Amendments that would have significantly altered the President’s Emergency Plan for AIDS Relief (PEPFAR) were rejected by a broad, bipartisan majority of Senators on July 15, suggesting that the bill could pass with massive bipartisan support, according to CQ Today/Kaiser Daily HIV/AIDS Report (kaisernetwork.org 7/16). An amendment that would have shrunk the proposed $50 billion aid package to $15 billion was defeated.
“At the time of the authorization, it was clear to everyone that [$15 billion] was not nearly sufficient to deal with what is a worldwide dilemma, a worldwide problem,” said Sen. Joseph Biden (D–Del.), chair of the Senate Foreign Relations Committee. “We’ve learned a great deal more since then. We should not, in fact, turn back the clock.”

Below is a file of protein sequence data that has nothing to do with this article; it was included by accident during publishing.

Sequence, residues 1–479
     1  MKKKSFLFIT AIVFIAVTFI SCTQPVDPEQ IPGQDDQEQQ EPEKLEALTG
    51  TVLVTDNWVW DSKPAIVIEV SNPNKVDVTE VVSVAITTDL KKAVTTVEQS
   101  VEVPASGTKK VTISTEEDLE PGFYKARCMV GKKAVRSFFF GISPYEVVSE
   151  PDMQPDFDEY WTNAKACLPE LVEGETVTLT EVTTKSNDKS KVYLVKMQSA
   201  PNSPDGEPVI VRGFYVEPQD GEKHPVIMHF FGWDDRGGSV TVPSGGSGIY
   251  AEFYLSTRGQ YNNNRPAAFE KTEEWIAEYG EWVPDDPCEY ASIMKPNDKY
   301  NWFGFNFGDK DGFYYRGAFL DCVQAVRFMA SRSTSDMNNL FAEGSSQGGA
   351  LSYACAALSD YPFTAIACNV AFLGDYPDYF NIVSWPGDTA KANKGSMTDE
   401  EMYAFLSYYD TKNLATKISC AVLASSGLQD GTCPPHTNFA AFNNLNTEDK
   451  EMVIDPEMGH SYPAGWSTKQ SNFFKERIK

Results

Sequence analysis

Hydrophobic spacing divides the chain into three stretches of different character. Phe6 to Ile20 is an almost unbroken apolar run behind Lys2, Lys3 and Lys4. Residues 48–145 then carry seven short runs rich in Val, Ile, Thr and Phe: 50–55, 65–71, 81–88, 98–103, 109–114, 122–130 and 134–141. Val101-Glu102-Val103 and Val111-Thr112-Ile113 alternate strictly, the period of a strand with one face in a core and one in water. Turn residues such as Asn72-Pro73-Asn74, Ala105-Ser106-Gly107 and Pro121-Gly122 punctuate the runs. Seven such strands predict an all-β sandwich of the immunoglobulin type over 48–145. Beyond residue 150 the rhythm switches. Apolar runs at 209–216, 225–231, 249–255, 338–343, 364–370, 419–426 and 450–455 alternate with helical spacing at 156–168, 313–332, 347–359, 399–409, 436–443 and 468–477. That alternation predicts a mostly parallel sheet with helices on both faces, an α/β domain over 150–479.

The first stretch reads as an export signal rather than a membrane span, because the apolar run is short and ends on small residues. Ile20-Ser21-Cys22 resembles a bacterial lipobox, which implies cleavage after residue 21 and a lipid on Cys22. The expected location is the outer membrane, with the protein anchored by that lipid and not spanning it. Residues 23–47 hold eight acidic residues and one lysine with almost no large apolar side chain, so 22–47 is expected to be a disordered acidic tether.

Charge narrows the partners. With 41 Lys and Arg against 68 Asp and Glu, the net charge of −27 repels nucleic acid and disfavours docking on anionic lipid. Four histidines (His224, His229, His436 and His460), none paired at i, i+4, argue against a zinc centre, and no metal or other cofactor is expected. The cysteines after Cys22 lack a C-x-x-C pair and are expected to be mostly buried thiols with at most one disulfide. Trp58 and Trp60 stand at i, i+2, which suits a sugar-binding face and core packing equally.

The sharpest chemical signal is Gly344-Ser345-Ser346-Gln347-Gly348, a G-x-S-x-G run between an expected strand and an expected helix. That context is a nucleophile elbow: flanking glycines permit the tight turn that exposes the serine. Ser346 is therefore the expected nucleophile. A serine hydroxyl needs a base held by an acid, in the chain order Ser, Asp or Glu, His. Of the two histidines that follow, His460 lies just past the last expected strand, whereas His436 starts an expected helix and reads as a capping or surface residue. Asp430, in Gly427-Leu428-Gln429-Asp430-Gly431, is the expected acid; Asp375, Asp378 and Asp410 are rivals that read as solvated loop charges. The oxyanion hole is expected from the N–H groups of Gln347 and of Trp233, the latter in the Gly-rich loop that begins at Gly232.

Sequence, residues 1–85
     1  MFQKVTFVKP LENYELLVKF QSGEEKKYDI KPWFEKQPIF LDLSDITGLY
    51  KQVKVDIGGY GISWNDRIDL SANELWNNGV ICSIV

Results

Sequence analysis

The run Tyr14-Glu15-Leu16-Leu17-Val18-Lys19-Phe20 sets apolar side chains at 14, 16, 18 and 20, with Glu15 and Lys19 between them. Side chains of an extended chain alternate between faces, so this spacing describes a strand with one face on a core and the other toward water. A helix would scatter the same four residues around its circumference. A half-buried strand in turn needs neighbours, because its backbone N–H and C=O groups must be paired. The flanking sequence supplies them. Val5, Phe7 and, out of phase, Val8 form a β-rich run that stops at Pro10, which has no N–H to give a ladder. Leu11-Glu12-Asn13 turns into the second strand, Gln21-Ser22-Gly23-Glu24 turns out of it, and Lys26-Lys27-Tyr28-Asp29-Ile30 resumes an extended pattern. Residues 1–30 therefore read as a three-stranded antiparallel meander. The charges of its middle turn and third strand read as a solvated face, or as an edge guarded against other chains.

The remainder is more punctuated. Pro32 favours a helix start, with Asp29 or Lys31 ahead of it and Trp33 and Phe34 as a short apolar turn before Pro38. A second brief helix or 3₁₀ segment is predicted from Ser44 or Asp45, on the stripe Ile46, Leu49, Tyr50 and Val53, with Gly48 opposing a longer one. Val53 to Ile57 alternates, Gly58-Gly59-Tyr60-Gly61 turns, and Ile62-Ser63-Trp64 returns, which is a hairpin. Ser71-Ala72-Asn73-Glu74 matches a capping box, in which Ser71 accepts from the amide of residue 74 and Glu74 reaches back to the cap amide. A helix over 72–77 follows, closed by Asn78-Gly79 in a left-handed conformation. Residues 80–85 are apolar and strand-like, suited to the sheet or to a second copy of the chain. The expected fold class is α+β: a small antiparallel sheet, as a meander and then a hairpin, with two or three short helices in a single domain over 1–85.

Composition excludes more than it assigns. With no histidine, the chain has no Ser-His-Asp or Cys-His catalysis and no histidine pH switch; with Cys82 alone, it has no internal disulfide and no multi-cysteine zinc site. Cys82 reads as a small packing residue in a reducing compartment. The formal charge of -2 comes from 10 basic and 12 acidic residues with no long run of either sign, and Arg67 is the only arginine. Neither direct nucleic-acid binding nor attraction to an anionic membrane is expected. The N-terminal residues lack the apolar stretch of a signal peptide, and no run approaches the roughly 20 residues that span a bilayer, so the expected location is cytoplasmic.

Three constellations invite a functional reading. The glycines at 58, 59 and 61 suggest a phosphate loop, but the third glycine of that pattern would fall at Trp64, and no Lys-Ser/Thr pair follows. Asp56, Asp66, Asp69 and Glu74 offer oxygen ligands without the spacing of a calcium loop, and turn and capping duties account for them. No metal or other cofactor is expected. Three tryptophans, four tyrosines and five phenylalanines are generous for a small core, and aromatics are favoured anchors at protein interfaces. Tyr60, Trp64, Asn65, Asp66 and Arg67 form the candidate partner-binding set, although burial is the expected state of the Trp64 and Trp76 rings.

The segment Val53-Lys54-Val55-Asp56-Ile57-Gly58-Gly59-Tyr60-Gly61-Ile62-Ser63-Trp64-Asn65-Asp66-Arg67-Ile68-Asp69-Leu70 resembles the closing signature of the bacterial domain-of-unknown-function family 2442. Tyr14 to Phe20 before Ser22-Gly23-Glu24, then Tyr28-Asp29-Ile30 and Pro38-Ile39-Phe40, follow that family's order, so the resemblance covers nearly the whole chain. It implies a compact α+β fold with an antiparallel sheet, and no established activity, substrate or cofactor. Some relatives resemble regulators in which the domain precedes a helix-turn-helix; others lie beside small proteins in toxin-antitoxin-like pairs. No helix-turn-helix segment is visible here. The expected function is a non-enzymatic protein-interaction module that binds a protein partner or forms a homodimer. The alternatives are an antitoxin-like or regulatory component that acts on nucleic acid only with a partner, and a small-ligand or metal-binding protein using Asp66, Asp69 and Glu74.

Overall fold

Senators were expected on July 16 to revisit the HIV travel ban, a provision attached to the PEPFAR bill. Under the provision, sponsored by Sens. John Kerry (D–Mass.) and Gordon Smith (R–Ore.), HIV would be considered equivalent to other contagious diseases, which medical and public health experts at Health and Human Services—not officials at U.S. embassies—determine eligibility for admission.
“There’s no excuse for a law that stigmatizes a particular disease,” Kerry said. It is “time to move beyond an antiquated, knee-jerk reaction” to people living with HIV/AIDS.